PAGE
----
The difficulties that I described in my Banking for Bug blog brought a few comments from others who are almost equally mesmerized by the workings (although workings seems to be a most inappropriate word) of banks. In fact, since then, The Very Nice Man has posted of his own frustrations on his blog. The sundry comments and Nice Man's blog caused another incident to resurface from the deep, dark, and dank recesses of my memory.
It was just over a year ago in our cross-province move. Within 24 hours we had to close two real estate deals: the selling of our old house and the purchasing of our new one. That's a lot of money to process within a very short span of time. The deal on the new house would unfold like so: the lawyer would call in the morning and tell us the exact amount of the bank draft that we'd have to bring to his office. The problem was that our bank in Sarnia did not have a branch of our bank in this small town.
No problem: we would simply open an account an a different bank.
In we walked to a branch of that particular bank in Sarnia. "We wish to open an account at your branch in Mills."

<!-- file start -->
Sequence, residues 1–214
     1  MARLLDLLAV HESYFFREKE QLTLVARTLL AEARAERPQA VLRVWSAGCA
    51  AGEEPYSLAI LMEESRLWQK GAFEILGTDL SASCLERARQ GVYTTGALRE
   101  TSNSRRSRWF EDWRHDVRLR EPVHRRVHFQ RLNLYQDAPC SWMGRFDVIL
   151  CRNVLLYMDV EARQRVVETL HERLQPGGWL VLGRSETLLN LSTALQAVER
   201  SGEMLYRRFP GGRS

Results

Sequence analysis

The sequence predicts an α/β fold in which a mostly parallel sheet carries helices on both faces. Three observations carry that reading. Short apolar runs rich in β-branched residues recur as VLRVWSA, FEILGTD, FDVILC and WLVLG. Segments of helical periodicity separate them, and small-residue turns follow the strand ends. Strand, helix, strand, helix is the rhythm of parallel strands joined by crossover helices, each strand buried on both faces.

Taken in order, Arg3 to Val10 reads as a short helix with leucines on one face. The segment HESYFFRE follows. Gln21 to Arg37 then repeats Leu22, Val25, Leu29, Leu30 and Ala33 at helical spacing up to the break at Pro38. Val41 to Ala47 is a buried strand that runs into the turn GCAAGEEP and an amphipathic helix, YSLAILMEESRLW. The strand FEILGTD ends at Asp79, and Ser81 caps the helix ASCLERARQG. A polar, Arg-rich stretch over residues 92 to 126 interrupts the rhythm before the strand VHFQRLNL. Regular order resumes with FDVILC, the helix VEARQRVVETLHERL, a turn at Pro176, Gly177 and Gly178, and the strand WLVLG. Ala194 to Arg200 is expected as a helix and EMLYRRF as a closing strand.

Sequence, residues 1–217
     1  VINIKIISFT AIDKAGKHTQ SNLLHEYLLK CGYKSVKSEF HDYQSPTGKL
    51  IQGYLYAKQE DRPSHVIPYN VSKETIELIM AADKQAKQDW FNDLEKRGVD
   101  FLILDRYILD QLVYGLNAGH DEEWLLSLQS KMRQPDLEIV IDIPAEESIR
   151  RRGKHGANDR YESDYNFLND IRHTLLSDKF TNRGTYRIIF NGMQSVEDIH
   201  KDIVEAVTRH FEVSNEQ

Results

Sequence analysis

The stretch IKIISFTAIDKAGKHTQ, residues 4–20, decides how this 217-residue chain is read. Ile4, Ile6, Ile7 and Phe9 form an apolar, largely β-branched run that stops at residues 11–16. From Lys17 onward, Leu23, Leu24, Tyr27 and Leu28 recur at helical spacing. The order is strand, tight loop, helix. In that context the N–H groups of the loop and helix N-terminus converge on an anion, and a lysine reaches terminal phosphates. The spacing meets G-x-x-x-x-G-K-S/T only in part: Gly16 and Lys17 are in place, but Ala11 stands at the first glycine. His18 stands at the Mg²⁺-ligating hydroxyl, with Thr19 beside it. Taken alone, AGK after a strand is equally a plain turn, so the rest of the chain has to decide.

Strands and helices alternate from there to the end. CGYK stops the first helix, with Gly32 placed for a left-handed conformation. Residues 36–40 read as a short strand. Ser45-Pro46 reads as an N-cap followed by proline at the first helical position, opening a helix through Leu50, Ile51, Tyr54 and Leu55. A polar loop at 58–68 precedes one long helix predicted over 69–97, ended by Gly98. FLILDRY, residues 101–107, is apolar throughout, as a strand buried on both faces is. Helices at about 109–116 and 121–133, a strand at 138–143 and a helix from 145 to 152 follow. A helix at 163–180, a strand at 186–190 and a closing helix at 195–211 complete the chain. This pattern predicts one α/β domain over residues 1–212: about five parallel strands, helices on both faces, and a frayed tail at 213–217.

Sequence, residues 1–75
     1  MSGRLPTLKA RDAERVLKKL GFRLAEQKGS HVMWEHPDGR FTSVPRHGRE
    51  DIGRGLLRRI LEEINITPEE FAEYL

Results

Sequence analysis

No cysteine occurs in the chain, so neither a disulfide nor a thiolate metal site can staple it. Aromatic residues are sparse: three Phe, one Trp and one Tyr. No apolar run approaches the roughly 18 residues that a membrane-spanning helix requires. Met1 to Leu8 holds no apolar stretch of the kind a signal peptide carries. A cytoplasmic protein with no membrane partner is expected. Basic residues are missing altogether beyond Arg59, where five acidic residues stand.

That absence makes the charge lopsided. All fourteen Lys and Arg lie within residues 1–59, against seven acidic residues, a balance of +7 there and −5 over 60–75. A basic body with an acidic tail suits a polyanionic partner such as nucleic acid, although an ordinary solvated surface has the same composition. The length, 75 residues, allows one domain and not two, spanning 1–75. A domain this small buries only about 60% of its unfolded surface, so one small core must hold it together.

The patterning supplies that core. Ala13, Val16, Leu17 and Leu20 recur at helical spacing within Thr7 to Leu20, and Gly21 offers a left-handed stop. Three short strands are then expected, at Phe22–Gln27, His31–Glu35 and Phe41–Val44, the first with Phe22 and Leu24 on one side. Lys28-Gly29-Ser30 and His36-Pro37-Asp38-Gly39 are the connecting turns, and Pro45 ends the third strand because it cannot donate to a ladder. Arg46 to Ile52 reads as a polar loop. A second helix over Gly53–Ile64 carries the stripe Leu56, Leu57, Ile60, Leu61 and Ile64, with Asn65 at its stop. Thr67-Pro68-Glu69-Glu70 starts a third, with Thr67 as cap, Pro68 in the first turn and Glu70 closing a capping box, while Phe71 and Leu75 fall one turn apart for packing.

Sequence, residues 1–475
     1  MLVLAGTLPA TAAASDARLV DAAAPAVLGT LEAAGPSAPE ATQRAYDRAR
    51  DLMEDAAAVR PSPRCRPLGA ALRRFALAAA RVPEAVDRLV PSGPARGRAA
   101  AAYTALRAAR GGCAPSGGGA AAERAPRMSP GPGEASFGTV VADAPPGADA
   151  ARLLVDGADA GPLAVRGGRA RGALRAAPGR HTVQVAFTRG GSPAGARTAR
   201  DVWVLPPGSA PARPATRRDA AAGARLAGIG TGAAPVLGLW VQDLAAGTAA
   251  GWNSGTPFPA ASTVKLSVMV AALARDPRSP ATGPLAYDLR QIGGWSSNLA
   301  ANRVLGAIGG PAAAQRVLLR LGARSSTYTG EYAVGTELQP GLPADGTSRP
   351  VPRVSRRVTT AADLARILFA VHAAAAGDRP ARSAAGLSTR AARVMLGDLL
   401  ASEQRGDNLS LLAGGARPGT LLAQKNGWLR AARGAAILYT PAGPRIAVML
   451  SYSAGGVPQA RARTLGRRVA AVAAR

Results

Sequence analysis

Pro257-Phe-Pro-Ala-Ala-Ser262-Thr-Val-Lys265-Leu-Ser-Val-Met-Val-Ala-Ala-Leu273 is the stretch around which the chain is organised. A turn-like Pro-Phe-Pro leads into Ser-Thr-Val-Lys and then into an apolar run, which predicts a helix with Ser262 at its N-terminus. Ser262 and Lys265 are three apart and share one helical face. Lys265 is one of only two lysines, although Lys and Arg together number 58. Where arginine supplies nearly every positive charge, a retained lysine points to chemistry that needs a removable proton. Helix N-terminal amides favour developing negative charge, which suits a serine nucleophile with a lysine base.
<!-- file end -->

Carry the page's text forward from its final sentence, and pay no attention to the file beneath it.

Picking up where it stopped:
"Sorry. Can't be done."
"We can only open accounts for this branch."
"What are we then to do?"
"Pick up the phone and dial this central number, and you can open an account at any branch anywhere."
"We can open an account on the phone but not in an actual bank building?"
"That's correct. But I would be glad to dial the number for you and get the process started"
That's what she did. She talked into the phone and informed someone in someplace (Delhi perhaps — certainly not in Mills) of our request. She passed the phone over to me, and I supplied the required details.
And so it came to pass that we were able to open an account in our new town, and the financial transactions all went very smoothly.
Although, the various individuals that we had to involve in the process were most helpful, the mystery remains. Why is it that you can open an account via an almost anonymous phone call but not by presenting yourself to a branch of that institution? It's a mystery I tell ya.